Page 642

opinion, and explicit in Justice Blackmun's concurring opinion at 386, that the explanations given by the prosecutor for the additional indictment were satisfactory. A district attorney "has wide discretion, in the absence of any showing of misconduct or violation of constitutional right, to elect to proceed with a matter." Commonwealth v. United Food Corp., 374 Mass. 765, 783 (1978). No misconduct or constitutional violation has been shown. [Note 1]

The defendant's claims of prejudice by delay in the November indictment must also be discounted. His defense was alibi. Since the rape charges arose at the same place and at the same time as the other crimes with which he was charged, his witnesses to show alibi for the rape would not be different. Also, since the defendant was in default from November 15, 1983, to October 22, 1985 (and also from March 3, 1986, to June 18, 1986), his own absences may be viewed as the primary cause of any difficulty in preparing a defense.

3. Insufficient evidence. The defendant's motion for a required finding of not guilty was correctly denied. The evidence before the grand jury was substantiated at trial. The jury were warranted in inferring from the victim's testimony that the defendant became violent after she refused to accede to his desire to sleep with her. She woke up without her pants and her blouse and bra were torn. Semen, a piece of twig, and dirt were found in her vagina. This was sufficient circumstantial evidence for the jury to find penetration beyond a reasonable doubt. There was also strong evidence of consciousness of guilt on the part of the defendant. He twice defaulted and, in addition, when the police executed an arrest warrant, he was found hiding in an attic with a blanket of fiberglass insulation covering his entire body.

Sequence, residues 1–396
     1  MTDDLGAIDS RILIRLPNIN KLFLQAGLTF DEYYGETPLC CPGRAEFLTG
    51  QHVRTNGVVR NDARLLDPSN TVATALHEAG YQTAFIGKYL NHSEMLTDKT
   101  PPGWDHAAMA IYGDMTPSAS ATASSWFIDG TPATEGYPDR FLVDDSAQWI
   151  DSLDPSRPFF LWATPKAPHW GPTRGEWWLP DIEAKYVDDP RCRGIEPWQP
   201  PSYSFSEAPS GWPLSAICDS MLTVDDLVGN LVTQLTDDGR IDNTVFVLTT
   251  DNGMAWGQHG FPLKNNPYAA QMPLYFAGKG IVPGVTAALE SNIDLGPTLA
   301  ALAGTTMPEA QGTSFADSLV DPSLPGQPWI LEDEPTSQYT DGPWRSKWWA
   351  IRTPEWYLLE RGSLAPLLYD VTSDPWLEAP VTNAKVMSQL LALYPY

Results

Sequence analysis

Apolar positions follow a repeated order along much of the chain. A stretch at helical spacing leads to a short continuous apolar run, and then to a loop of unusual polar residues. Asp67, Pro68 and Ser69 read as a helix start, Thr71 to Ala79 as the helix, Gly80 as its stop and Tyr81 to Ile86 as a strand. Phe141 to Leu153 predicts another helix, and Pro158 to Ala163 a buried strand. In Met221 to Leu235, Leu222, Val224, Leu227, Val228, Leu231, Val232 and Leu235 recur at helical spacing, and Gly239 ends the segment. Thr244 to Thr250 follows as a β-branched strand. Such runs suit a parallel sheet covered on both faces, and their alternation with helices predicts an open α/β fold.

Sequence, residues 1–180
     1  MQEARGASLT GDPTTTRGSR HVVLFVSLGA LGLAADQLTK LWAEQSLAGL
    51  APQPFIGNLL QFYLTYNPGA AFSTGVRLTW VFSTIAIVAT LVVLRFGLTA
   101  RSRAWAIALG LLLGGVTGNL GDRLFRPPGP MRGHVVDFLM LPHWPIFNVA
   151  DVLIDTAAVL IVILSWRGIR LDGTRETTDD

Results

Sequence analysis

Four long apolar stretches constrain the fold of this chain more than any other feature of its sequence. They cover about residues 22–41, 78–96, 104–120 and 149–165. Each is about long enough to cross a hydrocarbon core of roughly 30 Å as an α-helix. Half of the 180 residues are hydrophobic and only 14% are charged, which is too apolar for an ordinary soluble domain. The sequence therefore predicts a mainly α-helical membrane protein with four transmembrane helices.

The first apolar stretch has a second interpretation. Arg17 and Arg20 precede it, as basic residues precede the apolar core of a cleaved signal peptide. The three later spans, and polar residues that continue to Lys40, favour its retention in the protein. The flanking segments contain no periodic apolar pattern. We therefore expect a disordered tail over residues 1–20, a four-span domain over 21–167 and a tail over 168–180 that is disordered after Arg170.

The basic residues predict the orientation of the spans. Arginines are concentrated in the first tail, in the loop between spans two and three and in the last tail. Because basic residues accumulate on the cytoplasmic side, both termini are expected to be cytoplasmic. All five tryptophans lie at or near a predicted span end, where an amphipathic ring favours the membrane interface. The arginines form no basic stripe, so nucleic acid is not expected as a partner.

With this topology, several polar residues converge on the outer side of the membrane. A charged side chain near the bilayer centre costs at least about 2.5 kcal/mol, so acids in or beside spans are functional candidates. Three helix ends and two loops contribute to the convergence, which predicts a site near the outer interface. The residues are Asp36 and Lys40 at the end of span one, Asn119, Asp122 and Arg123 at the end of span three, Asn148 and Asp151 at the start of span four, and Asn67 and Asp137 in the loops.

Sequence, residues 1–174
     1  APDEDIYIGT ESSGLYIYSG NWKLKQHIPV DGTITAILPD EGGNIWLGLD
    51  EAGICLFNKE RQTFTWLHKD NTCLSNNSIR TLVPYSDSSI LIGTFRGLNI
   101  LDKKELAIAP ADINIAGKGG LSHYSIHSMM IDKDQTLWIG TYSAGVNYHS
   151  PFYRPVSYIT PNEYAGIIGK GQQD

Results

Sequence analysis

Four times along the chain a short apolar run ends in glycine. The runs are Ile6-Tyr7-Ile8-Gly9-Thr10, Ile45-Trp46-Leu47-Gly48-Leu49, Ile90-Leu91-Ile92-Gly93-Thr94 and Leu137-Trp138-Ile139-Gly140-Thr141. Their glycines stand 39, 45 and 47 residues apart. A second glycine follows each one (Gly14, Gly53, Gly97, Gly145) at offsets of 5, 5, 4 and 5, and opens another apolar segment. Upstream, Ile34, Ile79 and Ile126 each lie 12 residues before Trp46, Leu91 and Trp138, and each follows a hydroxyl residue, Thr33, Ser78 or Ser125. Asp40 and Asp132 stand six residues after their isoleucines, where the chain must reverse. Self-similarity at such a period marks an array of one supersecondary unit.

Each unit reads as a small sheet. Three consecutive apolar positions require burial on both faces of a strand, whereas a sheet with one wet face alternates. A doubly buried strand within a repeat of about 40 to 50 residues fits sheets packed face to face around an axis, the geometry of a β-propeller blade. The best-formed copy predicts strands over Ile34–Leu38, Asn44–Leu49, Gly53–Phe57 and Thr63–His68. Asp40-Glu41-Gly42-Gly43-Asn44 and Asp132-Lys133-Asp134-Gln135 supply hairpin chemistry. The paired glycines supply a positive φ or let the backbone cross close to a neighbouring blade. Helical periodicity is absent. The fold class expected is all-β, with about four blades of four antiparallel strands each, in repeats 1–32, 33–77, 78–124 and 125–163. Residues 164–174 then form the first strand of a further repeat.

4. Prosecutorial misconduct in closing argument. Although defense counsel in his opening stated that he would produce witnesses who were with the defendant at 11:00 P.M. on the

Page 643